Turkmenistan: Thousands evicted ahead of Asian Martial Arts and Indoor Games

An estimated 50,000 or more people have been forcibly evicted from their homes as part of a push to ‘beautify’ the capital of Turkmenistan ahead of the 2017 Asian Indoor and Martial Arts Games, Amnesty International can reveal today as it publishes satellite images showing the extent of the devastation.

The images provide an insight into one of the world’s most darkly shrouded societies, and show that 5,000 houses, each home to an average of five people, were destroyed in the Choganly district near Ashgabat between March 2014 and April this year. Amnesty has since learned that the entire neighbourhood – comprising more than 10,000 houses – had been razed to the ground by September and that fresh demolitions are continuing in other areas of the capital, leaving many families homeless.

Satellite images taken before and after the demolitions:

Credit: DigitalGlobe

 

One year later

Credit: DigitalGlobe

Projects to modernise the city ahead of the Games, an event organised by the Olympic Council of Asia, have been personally overseen by President Berdymukhamedov. He heads a government - bolstered by large oil and gas reserves - that maintains a stranglehold of fear on the population. Surveillance is widespread and dissent is rare, with those who dare to speak out risking their own safety and that of their relatives. The Games are regarded by the authorities as an opportunity to bolster the country’s international standing.

Denis Krivosheev, Amnesty International’s Deputy Programme Director for Europe and Central Asia, said:

“Instead of using the Games as an opportunity to clean up Turkmenistan’s human rights record, local authorities there have only succeeded in worsening living conditions for residents, many of whom had moved to Ashgabat from the countryside in search of work or had already been evicted elsewhere.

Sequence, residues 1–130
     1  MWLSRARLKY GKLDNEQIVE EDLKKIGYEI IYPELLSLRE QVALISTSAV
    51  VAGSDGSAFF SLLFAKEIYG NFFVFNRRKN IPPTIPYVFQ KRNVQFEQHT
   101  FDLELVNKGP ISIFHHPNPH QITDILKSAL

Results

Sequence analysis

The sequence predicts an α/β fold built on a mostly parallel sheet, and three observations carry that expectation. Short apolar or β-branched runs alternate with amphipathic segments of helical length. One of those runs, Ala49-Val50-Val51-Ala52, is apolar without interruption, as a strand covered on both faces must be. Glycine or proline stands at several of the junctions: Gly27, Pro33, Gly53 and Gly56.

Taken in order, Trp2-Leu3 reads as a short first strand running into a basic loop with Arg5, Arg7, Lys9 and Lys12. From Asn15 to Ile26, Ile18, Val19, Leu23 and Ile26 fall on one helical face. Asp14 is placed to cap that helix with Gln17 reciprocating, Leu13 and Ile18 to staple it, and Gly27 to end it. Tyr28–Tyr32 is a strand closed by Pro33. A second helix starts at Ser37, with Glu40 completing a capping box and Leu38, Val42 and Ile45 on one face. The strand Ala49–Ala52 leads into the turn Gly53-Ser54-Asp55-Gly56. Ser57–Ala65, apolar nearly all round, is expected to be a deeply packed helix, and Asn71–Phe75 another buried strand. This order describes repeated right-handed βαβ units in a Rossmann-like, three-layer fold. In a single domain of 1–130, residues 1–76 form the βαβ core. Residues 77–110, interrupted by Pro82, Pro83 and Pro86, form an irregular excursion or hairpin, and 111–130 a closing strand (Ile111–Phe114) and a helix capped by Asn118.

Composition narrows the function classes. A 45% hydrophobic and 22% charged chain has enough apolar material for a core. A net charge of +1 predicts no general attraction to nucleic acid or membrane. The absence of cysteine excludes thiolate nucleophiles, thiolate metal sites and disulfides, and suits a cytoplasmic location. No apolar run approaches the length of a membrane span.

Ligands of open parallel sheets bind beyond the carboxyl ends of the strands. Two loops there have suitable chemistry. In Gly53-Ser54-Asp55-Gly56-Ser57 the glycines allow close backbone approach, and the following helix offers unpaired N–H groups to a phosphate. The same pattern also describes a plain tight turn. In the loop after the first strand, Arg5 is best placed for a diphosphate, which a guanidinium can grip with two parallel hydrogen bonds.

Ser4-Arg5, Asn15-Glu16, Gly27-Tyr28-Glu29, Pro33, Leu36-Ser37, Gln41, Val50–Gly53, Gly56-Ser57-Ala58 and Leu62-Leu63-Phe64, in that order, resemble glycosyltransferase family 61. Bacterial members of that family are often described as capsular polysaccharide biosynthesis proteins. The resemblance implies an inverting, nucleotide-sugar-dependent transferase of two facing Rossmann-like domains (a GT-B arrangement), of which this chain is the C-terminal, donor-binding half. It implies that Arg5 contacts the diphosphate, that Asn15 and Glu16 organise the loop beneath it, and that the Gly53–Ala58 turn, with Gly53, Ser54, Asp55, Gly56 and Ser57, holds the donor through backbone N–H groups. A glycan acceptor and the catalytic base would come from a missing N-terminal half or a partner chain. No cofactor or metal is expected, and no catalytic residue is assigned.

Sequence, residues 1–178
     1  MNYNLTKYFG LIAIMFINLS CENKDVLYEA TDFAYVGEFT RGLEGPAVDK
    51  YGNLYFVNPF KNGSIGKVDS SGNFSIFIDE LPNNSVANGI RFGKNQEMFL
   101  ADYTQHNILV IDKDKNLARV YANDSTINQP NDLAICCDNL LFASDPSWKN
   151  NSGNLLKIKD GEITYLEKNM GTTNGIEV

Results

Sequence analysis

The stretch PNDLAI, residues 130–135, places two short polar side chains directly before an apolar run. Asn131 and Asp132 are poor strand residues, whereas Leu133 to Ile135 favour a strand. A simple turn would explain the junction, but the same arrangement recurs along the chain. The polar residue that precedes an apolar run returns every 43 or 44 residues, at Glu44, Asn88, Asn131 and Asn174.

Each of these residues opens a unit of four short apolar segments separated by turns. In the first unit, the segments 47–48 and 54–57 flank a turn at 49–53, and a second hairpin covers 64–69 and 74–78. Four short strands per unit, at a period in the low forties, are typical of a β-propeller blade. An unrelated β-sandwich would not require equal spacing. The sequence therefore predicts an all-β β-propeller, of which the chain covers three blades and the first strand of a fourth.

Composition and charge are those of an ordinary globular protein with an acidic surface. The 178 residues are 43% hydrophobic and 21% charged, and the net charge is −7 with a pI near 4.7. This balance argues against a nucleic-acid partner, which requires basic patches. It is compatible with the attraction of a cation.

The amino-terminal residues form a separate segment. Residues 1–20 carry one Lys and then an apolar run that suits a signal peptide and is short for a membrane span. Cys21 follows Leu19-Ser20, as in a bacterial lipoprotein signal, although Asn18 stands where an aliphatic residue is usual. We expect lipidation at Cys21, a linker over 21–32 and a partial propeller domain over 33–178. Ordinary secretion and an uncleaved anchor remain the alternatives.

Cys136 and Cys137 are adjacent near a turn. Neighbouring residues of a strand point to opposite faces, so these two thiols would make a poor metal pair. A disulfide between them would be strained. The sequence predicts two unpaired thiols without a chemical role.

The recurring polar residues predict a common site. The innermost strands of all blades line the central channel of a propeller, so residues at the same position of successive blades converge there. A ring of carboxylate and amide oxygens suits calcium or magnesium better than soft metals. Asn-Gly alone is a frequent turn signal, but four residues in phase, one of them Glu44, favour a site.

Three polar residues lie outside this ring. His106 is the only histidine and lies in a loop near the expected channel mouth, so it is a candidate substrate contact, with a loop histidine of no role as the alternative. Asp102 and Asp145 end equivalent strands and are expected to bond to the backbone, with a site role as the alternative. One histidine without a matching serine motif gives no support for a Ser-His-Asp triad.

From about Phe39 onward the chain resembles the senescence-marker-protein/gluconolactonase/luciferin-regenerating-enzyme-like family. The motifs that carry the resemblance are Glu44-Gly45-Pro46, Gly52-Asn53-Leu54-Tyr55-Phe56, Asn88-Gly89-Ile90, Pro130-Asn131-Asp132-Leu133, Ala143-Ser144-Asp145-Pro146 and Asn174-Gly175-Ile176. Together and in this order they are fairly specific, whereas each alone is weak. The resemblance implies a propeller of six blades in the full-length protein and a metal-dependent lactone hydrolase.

“The ruthless way in which they have been evicted is in clear violation of international human rights standards. The government of Turkmenistan must immediately put an end to forced evictions and illegal demolitions, compensate the victims and give them access to adequate alternative housing urgently. They are especially vulnerable as winter approaches.

“Sadly, intimidation and repression is a daily fact of life in Turkmenistan. The international community and businesses must do everything within their power to press President Berdymukhamedov to put an end to the human rights violations perpetrated in the country."

Amnesty and other human rights monitors are barred from the country. However, researchers corroborated details of the evictions depicted in the satellite imagery with testimony from phone interviews and other confidential sources. Former Choganly residents described how authorities, including the police, “burst in like tanks” and forcibly evicted dwellers.

“Now people go there to cry,” said one former Choganly resident, explaining how some people return to grieve on bulldozed plots where their homes once stood. She said their housing permits were disregarded and described scenes of chaos when the authorities charged into her family home and forcibly evicted them, including distraught children.

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